A danger of being high in openness is that it often goes together with emotional instability. This is where the trait neuroticism comes in. Scoring high on the trait neuroticism means being emotionally very reactive. This can cause the following sub traits: anxiety, anger, depression, self-consciousness, immoderation, and vulnerability.
Having been through these doomer phases myself, seeing the doomer feels like I can look into his soul, and see that openness and neuroticism are in constant war with each other while feeding each other at the same time. A doomer cannot stop looking into the abyss. This enforces his neuroticism, and his neuroticism drives him to continue his expedition in the dark places of humanity even more.
There’s an old saying: curiosity killed the cat. I discovered that because of my imagination, my passion for ideas, my sensitivity and deep emotional states, my life was all over the place. I coped with my reactiveness towards outside events by indulging in pleasure like entertainment, sex, porn, food and, last but not least, drinking myself into a coma. This had to change.
Dr. Jordan Peterson taught me what I already knew deep inside: to become more emotionally stable I had to increase my conscientiousness. Over the years, I began to prioritize a clean living environment, using an agenda, planning, getting my finances in order, going to the gym on regular basis, going to bed early, getting up early, eating healthy, and cutting back the use substances dramatically. Being single gave me the opportunity to spend lots of time in solitude, reflecting on the past, figuring out what’s best for me.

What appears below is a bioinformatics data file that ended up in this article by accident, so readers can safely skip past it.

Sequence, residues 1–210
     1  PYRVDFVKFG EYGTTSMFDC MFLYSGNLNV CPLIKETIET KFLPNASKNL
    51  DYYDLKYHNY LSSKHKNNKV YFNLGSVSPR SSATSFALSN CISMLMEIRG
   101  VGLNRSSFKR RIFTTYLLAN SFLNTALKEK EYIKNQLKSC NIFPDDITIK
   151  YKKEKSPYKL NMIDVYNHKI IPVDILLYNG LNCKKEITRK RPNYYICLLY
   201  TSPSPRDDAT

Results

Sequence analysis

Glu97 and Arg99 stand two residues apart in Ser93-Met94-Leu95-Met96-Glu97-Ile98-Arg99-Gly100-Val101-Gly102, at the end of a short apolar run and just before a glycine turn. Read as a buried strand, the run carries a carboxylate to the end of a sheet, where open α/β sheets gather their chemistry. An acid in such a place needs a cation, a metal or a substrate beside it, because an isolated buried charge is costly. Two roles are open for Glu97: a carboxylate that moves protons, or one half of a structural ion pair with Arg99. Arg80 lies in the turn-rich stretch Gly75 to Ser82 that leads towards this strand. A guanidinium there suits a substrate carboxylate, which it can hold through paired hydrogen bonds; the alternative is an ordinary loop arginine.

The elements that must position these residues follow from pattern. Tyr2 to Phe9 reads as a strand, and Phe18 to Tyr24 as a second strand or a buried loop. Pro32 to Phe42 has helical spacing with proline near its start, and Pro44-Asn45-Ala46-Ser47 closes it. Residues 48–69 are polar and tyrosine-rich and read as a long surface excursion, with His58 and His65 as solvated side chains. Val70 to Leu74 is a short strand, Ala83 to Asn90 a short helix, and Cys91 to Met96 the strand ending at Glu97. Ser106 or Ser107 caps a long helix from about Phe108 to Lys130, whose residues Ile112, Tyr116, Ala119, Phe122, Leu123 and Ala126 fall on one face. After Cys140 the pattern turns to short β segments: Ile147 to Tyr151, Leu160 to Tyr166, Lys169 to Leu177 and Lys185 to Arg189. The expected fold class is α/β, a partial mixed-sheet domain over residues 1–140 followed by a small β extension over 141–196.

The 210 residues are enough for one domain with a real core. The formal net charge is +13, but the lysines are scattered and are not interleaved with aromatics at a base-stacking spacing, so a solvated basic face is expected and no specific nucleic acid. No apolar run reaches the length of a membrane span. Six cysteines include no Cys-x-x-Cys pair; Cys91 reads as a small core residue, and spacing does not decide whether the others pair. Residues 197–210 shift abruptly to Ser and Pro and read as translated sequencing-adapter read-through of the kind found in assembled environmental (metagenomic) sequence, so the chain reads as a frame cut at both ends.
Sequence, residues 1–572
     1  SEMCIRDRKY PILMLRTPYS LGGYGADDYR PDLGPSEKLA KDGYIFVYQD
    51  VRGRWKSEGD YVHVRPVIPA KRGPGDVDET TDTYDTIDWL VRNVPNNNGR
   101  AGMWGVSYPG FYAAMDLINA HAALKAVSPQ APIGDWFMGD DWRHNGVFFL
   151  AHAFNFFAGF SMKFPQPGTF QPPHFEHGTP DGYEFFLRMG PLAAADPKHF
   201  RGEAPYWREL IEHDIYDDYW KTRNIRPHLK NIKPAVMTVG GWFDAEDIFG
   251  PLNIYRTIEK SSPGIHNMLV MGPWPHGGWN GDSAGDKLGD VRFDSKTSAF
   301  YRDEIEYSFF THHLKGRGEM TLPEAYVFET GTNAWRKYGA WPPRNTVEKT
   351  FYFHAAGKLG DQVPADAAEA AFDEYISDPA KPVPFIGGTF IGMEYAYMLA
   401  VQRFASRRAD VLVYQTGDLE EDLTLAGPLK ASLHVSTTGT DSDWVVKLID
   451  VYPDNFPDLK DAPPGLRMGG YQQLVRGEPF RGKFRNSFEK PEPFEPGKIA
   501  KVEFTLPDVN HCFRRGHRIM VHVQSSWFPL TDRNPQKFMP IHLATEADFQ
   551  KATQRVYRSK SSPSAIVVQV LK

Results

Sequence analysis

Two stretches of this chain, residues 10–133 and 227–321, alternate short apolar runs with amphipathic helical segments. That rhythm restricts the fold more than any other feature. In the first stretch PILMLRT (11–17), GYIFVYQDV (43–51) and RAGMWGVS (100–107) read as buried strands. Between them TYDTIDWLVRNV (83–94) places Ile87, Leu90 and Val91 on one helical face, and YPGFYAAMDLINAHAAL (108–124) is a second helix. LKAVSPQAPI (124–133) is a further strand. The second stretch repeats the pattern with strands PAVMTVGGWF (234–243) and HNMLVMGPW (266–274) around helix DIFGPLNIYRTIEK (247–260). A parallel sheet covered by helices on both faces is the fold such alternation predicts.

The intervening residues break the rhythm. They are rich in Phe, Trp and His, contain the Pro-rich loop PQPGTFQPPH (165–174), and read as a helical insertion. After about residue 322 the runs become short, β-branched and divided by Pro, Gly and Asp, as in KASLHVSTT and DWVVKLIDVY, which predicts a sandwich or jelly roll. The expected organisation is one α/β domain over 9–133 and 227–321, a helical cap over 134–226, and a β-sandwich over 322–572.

Slowly, I started going from chaos to order. This made life a bit more predictable. I became more resilient to unexpected changes. Also, it became easier to dwell in the present moment, because a well-ordered living environment helps to calm the mind.
Conscientiousness is something within our control. Stoic philosopher Epictetus basically said that we control our own actions, so increasing our conscientiousness to improve our life situation is quite a Stoic thing to do. It practice, this comes down to discipline. I was an avid reader of philosophy at the time already, and discipline makes the difference between understanding philosophy and truly applying it.
As a creative person, my life changes led to channeling my creativity into productivity. This took some trial and error because too much structure can limit and even destroy creativity. So, I had to find a balance that worked for me.
For me, increasing my conscientiousness was the key to a more meaningful existence in a meaningless universe. My mood went up, and I slowly climbed out of the darkness, like a flower growing out of a dumping ground.
A 30-something-year old bloomer arose, who is less needy, less neurotic, more determined, and with respect for the little things in life.
Struggling for years with my personality – and being introverted as well – it was often extremely difficult to cope with the outside world. By all means: transitioning into a more positive, productive and, overall, more happy person wasn’t a linear process. And yes, I still have my dark moments from time to time, which are often in correlation with a lack of conscientiousness the days before.
Turning my back to substance abuse and living disciplined has really saved my life. And it’s getting better and better every year. If you consider yourself a doomer and you can relate to my story, you might want to give increasing your conscientiousness a try.